I love search. It’s cool and I know a lot of people who make their bills each month with search. So I had a slight intake of breath for my friends and former colleagues when I read today that Amazon is making powerful and flexible cloud-based search available on a pay-as-you-go basis. This isn’t the Mickey Mouse search offered by the Google Appliance guys, rather this is a full-bore-in-your-face-read-em-and-weep, enterprise-level search that has traditionally been provided by the big guys and used by the elites. This kind of technology has been available to the hyper-geek crowd through open source products like Lucene or Nutch for several years, but the level of tech-pertise needed to create a functioning product from those search starter kits was far above the interest level of most users. It would be like a clothing store manufacturing their own cash registers.

Given that enterprise search is (was?) too hard to make or manage yourself, companies turned to the big players who either offer search as a separate discipline or as a component of a larger system (Microsoft, Sun, Autonomy, Oracle, SAP etc…). What Amazon has done by making powerful and readily tunable enterprise level search available in the cloud on a pay-as-you-go-basis is to potentially reduce the available client pool for the large search providers.  From what I can gather, pretty much any reasonably competent web developer can now build and manage the kind of search deployment that would have cost a Porsche to buy and an Audi to run each year for the price of a mid-sized motorbike paid on a monthly installment plan.

It’s likely to make high-quality, flexible search much more widely available, which dove tails nicely with the democratization of technology that has continued to gather steam in recent years.

Pay Per Call Going Through the Roof

A survey just released by Telemetrics confirms with very clear data something we have been experiencing over the past year or so: local Pay Per Call is on fire. When Pay Per Call first hit a few years back it was primarily national advertisers doing national lead generation campaigns, essentially they used PPCall as an effective way to manage ROI. More recently local Small to Medium sized Business (SMBs) advertisers have recognized the simplicity and value of a PPCall approach and have been jumping on the band wagon in increasingly large numbers. Telemetrics tracked 348% more paid calls this year than in the equivalent period last year. The bulk of that growth they attribute to local businesses getting in on the act. Add to that the rapid growth in target-able local inventory driven by the continued growth of smart phones and you have an explosive combination.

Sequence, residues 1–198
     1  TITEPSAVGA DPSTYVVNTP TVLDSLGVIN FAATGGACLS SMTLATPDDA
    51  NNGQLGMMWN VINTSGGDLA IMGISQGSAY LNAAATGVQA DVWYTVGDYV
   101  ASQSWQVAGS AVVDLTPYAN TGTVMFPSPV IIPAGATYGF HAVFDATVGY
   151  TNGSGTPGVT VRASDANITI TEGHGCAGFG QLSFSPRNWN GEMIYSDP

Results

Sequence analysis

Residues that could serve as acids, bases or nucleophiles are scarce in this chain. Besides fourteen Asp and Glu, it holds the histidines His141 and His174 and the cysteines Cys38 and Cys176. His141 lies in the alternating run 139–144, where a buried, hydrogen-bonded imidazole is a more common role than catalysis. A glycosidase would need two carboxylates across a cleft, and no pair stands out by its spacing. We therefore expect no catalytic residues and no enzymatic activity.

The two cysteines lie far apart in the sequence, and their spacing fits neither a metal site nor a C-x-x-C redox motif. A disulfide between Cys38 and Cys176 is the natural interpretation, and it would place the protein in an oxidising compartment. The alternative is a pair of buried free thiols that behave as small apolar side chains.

Another factor tracked in the survey was talk time – the time spent on the call. Interestingly, mobile devices scored best with 3.5 minutes a call, yellow pages came in second with 2.7 minutes a call, and traditional online search driven calls were slightly behind at 2.2 minutes a call. I don’t have an intuitive answer as for why mobile search scores longer than regular search, but even at 2.2 minutes that’s plenty of time to set up an appointment or book a quote.

The good news for what we do is that this wave shows no signs of slowing down. In theory, there are something over 20 million SMBs in the United States. PPCall is a model that makes sense across the board, with industry watchers expecting 50 percent growth in the next year. Indeed, it is going to be an interesting year.

The Patent Wars Heat Up

The news today that AOL is selling a bunch of its patents to Microsoft for $1.1 billion is the latest action in the rapidly escalating patent war between the online giants. Last year, Google purchased Motorola Mobility for the patents it held. This is a high stakes game played by the giants with the war chests to compete. The spectacle of Yahoo suing Facebook and vice versa is just the latest skirmish. Apple famously patents everything and is getting more aggressive about defending them. Having said that, if you have enough cash it’s apparently OK to work on a “sue me” basis.

The poster child for this is good old Google. Back in the day (the early 2000s) I was an amazed bystander watching Overture’s (then GoTo’s) invention of Pay Per Click advertising be acquired by Yahoo only to be wholesale copied by Google with its AdWords product. Yahoo and Google went on to settle for huge amounts of money, but in the long game Google came out on top, as their “borrowing” of the PPC idea became the financial foundation of their search dominance. Had they respected the patent the outcome could have been very different. They repeated the offense with the Android operating system. Of course, Apple will attempt to defend their position, but by the time it grinds it’s way through the courts it won’t matter; Android has already established a lead over IOS and it’s likely to continue strengthening that position. Clearly, the market advantage gained by infringement is greater than any likely punishment.